Posted: 24 Jan 2011 11:00 PM PST
THE CHANGE IN GOVERNOR FROM FELIX to Porcius Festus (Acts 24:27) brings no immediate improvement in Paul's condition. Yet God remains in control, and in this chapter, Acts 25, under God's providence Paul takes a decisive step. How was this brought about?
(1) New to the area and still relatively ignorant of its political and religious dynamics, Festus is determined to get off on the right foot. A mere three days after arriving at the regional Roman capital of Caesarea, he travels up to Jerusalem to meet the local Jewish authorities. He could have summoned them; he could have delayed his visit. But off he goes, and is promptly informed what a terrible man Paul is. The Jewish authorities see the accession of Festus as an opportunity to do away with Paul. They express their desire to have him brought to Jerusalem for trial, but in reality they plan an ambush that would ensure his demise (Acts 25:1–3). Festus replies that Paul is being held in Caesarea and insists that his interlocutors press their case there.
(2) In the next round of legal maneuverings the charges against Paul and his responses to them (Acts 25:6–8) provide Festus with no clear idea of what to do. Still trying to make a good impression on the Jewish authorities (and thus far more likely to listen to them than to a solitary man already in jail for two years), Festus asks Paul if he is willing to stand trial before the Roman court, but in Jerusalem.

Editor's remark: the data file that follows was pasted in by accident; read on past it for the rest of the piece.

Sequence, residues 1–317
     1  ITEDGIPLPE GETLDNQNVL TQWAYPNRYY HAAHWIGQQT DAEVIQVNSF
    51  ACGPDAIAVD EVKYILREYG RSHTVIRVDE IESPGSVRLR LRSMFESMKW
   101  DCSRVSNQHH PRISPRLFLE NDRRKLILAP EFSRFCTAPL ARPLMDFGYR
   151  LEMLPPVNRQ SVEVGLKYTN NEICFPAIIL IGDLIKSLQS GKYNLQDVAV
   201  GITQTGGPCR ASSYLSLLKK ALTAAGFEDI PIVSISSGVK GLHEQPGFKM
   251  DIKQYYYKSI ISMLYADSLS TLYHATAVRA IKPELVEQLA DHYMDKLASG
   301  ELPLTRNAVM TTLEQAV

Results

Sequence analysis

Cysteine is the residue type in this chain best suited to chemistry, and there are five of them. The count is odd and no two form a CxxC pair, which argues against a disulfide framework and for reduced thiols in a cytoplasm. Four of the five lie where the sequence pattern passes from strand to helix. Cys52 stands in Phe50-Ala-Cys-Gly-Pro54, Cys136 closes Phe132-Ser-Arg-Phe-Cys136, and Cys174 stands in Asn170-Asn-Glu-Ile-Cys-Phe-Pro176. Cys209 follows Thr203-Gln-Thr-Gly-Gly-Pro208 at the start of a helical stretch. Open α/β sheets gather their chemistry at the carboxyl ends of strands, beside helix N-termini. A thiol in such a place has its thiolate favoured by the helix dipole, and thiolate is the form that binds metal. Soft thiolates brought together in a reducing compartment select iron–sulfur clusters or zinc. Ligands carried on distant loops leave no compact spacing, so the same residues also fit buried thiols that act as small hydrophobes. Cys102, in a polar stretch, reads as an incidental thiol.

(3) There is no hint that Paul is tipped off as to the planned ambush. Nevertheless, two years earlier he had been warned of a similar plot (Acts 23:16), and it would not take much to figure out that such a plot was likely being hatched again. If he agrees with Festus's suggestion, he will be murdered; if he declines, he will appear obstreperous and arrogant. So he exercises the right of every Roman citizen in the first century: he appeals to Caesar. That was the judicial equivalent of appealing to the Supreme Court. Humanly speaking, this was a desperate move. Emperor Nero did not take kindly to frivolous suits, and he was already known to be corrupt and intoxicated by his own power.
(4) Yet by that means, as the rest of the book shows, Paul finally arrives in Rome. As Joseph was brought to Egypt's palaces by way of slavery and prison, so Paul is brought to testify for King Jesus before the mightiest human authorities by way of prison and corrupt justice. Indeed, how did Jesus gain his place at the Father's right hand?
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